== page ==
Wednesday, 30 September 2015

Reading This Month: September

In the interests of immersion, I've been trying to read a lot more. I was a voracious bookworm until about 3 years ago when I discovered knitting and moved in with my boyfriend when the hours I would sit in silence on the sofa began to feel quite rude...

These days my reading is limited to quiet afternoons and my commute, so I only get through two or three books a month.

On the plus side, this should make monthly book reviews easier to stick to!

The King's Curse by Phillippa Gregory
Philippa Gregory is a favourite of mine. I really love history and getting to enjoy it as a story, rather than dates and facts, is something I really enjoy. I've loved the last few Plantagenet books, so I was a bit sad to be heading back into the company of Henry VIII, who I find frustrating at best (!)

Narrated by Margaret Pole, the Countess of Shrewsbury, the story starts with the marriage of Prince Arthur and the newly arrived Princess Katherine of Aragon and Queen Elizabeth's revelation that she and her mother had cursed the line of the person that killed the young Princes. The story covers decades and at it's best had me flying through the pages, the tension crackled and for the first time, I felt like I could understand the atmosphere at court. I've always wondered why no one ever said anything, why there was never a successful rising against Henry. This book really made me get it. I'm looking forward to reading The Taming of a Queen.

I Know Why The Caged Bird Sings by Maya Angelou
I realised recently that, while I was familiar with some of Maya Angelou's work, I had never read any of her prose. This is the first of her autobiographies and it is brilliant. Given that everyone already knows that, it's hardly worth saying it. But I sometimes think that when a book is well known and considered 'great', sometimes we don't feel like we need to read it. But I'm so glad I did. Her characters are so lightly drawn, but so much clearer and more full of life for that. It's by turns heart-breaking and hilarious - but it's so direct that you can't do anything but admire the woman's character. Just... brilliant.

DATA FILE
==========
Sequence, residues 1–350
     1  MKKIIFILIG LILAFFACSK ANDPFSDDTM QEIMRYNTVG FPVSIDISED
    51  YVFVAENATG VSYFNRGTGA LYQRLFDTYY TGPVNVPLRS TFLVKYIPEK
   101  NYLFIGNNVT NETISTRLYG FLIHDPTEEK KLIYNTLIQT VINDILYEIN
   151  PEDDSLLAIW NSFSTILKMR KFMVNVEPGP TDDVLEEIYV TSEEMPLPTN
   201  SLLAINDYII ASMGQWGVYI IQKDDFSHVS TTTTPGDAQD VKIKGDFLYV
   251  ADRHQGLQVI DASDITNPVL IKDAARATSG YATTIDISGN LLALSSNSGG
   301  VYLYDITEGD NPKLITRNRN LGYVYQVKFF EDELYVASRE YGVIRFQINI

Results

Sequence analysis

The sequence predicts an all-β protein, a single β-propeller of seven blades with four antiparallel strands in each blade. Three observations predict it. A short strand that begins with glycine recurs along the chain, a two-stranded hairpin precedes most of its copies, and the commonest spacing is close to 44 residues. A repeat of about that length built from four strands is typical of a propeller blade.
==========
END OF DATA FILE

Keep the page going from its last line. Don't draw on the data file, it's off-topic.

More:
The Book of Strange New Things by Michel Faber
I've only read one other book by Michel Faber  - The Crimson Petal and the White which was excellent and I heartily recommend. While The Crimson Petal was set in Victorian England, about a prostitute, The Book is set in an unidentified near future that could uneasily be classed as 'sci-fi'. Minister Father Peter Leigh is chosen for a mission to the planet Oasis, where the native population insist they want to hear the Christian word. So Peter is flung millions of miles across the galaxy, leaving his wife Beatrice behind. It's a pretty long book, but I finished it in three or four days because I simply couldn't put it down. The Oasans are an interesting creation (never too human - my main issue with most sci-fi) and the ending is brilliant.

Right now I'm casting about for a book to read while I wait for Rich to finish A Fine Balance by Rohin Mistry. I think I might check out Dear Leader by Jang Jin-Sung.

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